Kurt Daudt | Pat Kessler photo, I think
by Steve Timmer
Oct 24, 2015, 11:00 AM

“Leave no nest unshitted!”

Kurt Daudt, 2015

Governor Mark Dayton has said that whether or not to permit the PolyMet Mining non-ferrous or sulfide mining project will be the most momentous decision of his time as governor. In other words, he takes it seriously. So seriously, in fact, that he wants to retain an outside law firm to help him evaluate the risk. He’s approached legislative leaders about permission to do that.

Having studied the financial risks a bit myself, I’ll say they are considerable. The history of mining can be summed up thusly:

Miners appear, fleece investors, the public, and the environment, then bail with everyone else holding the bag. The country, nay the world, is littered with specimens of the pillage of miners. Just by way of illustration, there are eighteen federal Superfund sites in Montana alone, over half of them are from mining or metals production (processing or smelting). All of them, I think, are related to extractive industries in some way. A Superfund designation is being considered in Montana for an aluminum plant owned by Glencore PLC, PolyMet Mining’s sugarless sugar daddy.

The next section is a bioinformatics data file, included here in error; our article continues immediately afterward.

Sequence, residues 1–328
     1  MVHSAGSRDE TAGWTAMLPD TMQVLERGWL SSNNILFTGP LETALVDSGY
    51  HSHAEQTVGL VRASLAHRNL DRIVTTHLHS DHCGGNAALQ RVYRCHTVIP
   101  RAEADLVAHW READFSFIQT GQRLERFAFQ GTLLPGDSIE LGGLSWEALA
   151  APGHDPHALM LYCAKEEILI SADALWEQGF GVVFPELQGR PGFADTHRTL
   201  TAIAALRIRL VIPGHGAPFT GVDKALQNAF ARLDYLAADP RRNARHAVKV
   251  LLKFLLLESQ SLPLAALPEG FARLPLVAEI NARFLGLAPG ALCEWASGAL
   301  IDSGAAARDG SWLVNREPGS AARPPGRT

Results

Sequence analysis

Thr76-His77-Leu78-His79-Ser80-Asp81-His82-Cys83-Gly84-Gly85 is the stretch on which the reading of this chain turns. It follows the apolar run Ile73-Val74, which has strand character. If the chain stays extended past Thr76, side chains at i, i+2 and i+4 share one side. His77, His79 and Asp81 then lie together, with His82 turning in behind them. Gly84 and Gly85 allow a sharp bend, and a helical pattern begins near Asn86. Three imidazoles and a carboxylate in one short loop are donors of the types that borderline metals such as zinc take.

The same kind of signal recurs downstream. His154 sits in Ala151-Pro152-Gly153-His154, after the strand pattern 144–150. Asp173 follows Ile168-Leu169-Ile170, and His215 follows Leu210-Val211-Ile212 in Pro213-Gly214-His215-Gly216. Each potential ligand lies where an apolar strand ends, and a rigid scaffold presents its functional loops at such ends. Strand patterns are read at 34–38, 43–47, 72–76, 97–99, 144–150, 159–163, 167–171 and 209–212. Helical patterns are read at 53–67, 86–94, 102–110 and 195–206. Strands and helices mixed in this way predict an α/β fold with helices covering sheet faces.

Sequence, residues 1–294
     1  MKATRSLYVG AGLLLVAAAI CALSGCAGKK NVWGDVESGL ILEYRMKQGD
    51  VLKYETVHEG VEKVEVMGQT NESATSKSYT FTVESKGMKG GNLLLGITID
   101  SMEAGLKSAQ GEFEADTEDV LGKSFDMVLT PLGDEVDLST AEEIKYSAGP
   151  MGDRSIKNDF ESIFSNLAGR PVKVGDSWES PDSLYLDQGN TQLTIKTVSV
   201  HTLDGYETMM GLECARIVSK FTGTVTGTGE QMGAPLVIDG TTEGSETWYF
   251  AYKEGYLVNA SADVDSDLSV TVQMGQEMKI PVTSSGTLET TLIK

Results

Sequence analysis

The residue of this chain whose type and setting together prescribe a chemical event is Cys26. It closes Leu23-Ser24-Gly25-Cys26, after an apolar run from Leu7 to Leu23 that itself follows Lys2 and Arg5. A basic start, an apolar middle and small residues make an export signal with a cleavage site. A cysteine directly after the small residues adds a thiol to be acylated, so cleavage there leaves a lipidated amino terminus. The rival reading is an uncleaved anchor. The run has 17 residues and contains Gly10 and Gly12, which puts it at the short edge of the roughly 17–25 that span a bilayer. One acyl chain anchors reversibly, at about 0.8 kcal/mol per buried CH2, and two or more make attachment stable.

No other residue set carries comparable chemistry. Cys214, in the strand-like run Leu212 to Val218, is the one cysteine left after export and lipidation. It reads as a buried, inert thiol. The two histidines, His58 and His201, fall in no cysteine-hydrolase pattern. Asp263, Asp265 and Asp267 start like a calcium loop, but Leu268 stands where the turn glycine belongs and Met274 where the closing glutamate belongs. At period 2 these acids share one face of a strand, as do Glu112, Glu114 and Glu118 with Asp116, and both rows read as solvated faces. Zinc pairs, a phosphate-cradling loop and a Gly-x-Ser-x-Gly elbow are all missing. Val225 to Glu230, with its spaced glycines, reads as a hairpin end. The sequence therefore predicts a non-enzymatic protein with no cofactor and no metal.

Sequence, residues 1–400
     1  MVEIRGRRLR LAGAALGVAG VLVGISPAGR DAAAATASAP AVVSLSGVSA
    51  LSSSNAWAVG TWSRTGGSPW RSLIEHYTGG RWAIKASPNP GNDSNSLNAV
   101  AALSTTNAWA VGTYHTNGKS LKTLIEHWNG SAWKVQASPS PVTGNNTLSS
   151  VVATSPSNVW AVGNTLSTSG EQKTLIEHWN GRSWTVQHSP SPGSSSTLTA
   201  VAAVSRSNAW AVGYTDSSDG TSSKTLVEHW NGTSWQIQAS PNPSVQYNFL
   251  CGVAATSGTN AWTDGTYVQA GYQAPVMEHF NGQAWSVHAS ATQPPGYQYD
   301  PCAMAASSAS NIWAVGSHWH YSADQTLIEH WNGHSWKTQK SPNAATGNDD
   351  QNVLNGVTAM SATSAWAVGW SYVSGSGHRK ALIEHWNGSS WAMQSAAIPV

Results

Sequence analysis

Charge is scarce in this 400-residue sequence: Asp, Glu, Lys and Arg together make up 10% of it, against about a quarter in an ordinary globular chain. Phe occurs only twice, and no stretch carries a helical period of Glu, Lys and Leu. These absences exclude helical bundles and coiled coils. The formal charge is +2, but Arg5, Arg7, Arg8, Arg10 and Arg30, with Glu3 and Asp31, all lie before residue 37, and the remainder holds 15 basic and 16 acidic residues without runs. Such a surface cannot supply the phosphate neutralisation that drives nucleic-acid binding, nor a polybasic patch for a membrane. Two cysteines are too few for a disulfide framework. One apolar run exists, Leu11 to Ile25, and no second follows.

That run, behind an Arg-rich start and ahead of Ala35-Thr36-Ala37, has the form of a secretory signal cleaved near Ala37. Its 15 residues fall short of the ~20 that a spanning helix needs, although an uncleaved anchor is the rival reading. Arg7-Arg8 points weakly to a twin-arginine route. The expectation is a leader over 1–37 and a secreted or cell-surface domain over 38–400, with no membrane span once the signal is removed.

“A mine is a hole in the ground owned by a liar,” are remarks attributed to Mark Twain.

A group of Duluth-area businesses called the Downstream Coalition has asked the governor to oppose the project, asserting that the economy and the public have much more to lose from the project than can hope to be gained.

Kurt Daudt, Speaker of the Minnesota House, made remarks for the linked article that I could have written for him, without even seeing the article:

“I have not heard from Governor Dayton about this and would need to see a formal proposal,” House Speaker Kurt Daudt, R-Crown, said in a written statement. “I look forward to a discussion about making PolyMet a reality so we can bring good-paying, long-lasting jobs to the Iron Range.”

Governor Dayton sounds like a prudent executive trying to make an informed decision, considering the risks to the state and to all its citizens, while Kurt Daudt sounds like a log-rolling boxhead, heedless of anyone but mining interests.

Update: Cementing his position as a PolyMet tout, Lee Schafer posted this:

Lee Schafer tweet

Lee Schafer tweet

Perhaps Lee is unaware that issues of corporate finance and corporate law generally, bankruptcy and reorganization law, suretyship and guaranty law, insurance law, real estate and water law, including the rights of downstream riparian property owners, liability for health hazards created by surface and groundwater pollution, liability for damage to recreational interests, liability to sovereign native nations for pollution, to name just some, are legal issued involved.

Governor Dayton has obviously thought about this a lot more that either Kurt Daudt or Lee Schafer.

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